Alleged victims of human trafficking sue Thai, US companies including Walmart suppliers

Seven Cambodian workers are suing two American and two Thai seafood companies, arguing they were victims of human trafficking and forced into involuntary servitude in seafood packing factories in Thailand.

The defendants in the suit, filed Wednesday, 15 June, are California-based Rubicon Resources and affiliate Wales & Co. Universe, and Thai companies Phatthana Seafood and S.S. Frozen Food. They are accused of taking part in a joint venture that profited from the plaintiffs’ trafficked labor, in violation of U.S. and international law.

The plaintiffs, Keo Ratha, Sem Kosal, Sophea Bun, Yem Ban, Nol Nakry, Phan Sophea and Sok Sang, filed a complaint for damages and a demand for jury trial in a U.S. federal court in California. They are suing under provisions of the Trafficking Victims Protection Act, which stipulates victims of human trafficking may file a civil action against those who knowingly benefit financially from human trafficking or forced labor.

“What happened to me was wrong,” Ratha said. “I filed this suit so companies would think twice before exploiting trafficked workers in the future and to help the workers who were exploited with me.”

Ratha claims he was offered a job paying USD 250 (EUR 222.50) per month with the possibility of overtime, in exchange for eight hours of work per day, free accommodation and paychecks cut every two weeks. He was charged USD 150 (EUR 133.50) to obtain a passport and USD 200 (EUR 178.00) as a recruitment fee. After arriving in Thailand, Ratha said in his complaint that his passport was confiscated and he was paid USD 135 (EUR 120.14) per month but his rent and other salary deductions did not leave him with enough money to afford food. In addition, Ratha said he lived in unsanitary, overcrowded facilities, sleeping on a concrete floor in a room with a leaky roof., and his working conditions required him to work with chlorine, which caused him breathing problems. Ratha said he tried to quite but was told he couldn’t leave could not retrieve his passport until he paid off his recruitment fee.

The other workers involved in the suit allege they were recruited with similar promises as those made to Ratha and were met with similar working and living conditions as Ratha faced. Some fell into debt while working since they were charged for equipment, transportation and healthcare whether they used it or not, they allege, and one worker, Phan Sophea, could not return to Cambodia for his mother’s funeral because he did not have enough money to “ransom” his passport back, his complaint alleges.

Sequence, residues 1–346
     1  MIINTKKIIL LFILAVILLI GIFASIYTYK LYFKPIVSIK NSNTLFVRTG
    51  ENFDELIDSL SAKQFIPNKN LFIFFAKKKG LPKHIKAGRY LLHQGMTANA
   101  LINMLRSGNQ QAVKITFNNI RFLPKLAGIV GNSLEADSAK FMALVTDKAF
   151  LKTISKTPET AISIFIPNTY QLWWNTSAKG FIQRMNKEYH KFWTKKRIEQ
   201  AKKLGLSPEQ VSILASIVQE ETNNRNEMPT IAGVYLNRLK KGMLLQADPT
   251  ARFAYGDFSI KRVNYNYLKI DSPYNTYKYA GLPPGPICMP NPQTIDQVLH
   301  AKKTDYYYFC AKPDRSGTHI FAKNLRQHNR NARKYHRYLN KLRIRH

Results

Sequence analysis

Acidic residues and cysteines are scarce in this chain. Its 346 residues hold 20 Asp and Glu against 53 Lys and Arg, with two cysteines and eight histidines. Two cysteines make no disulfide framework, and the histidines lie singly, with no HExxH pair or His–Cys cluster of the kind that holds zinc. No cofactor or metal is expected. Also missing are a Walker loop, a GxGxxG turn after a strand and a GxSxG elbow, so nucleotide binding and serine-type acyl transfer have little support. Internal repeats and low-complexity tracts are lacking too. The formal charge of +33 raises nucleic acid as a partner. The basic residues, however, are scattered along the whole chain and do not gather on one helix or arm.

“When they finally returned home, these men and women had nothing to show for their hard labor and their families were poorer than before,” said Agnieszka Fryszman, the lead attorney for the villagers, who are being represented by three law firms. “Fortunately, in the Trafficking Victim’s Protection Act, Congress gave trafficked workers the tools they need to obtain justice when companies knowingly profit from forced labor in their supply chains.”

The lawsuit alleges the four companies named in the suit are all vertically aligned as affiliates or business partners of Chanthaburi Seafoods (CSF Group) and work with each other to move processed seafood from Thailand to the United States. They sell shrimp and other seafood to large U.S. customers including Walmart, the suit claims.

The workers are seeking awards of monetary damages for wages promised but not paid, loss of assets and opportunities due to illegal conduct, mental anguish and pain, as well as requesting punitive and exemplary damages and coverage of their attorneys’ fees.

Rubicon Resources CEO Brian Wynn did not respond to a request from SeafoodSource for comment.

Reports by the United Nations, Human Rights Watch, the Community Legal Education Center, the Labour Rights Promotion Network, Johns Hopkins’ School of Public Health, the Solidarity Center and the U.S. Department of Labor have detailed the widespread use of human trafficking and forced labor in the Thai seafood industry, the lawsuit states.


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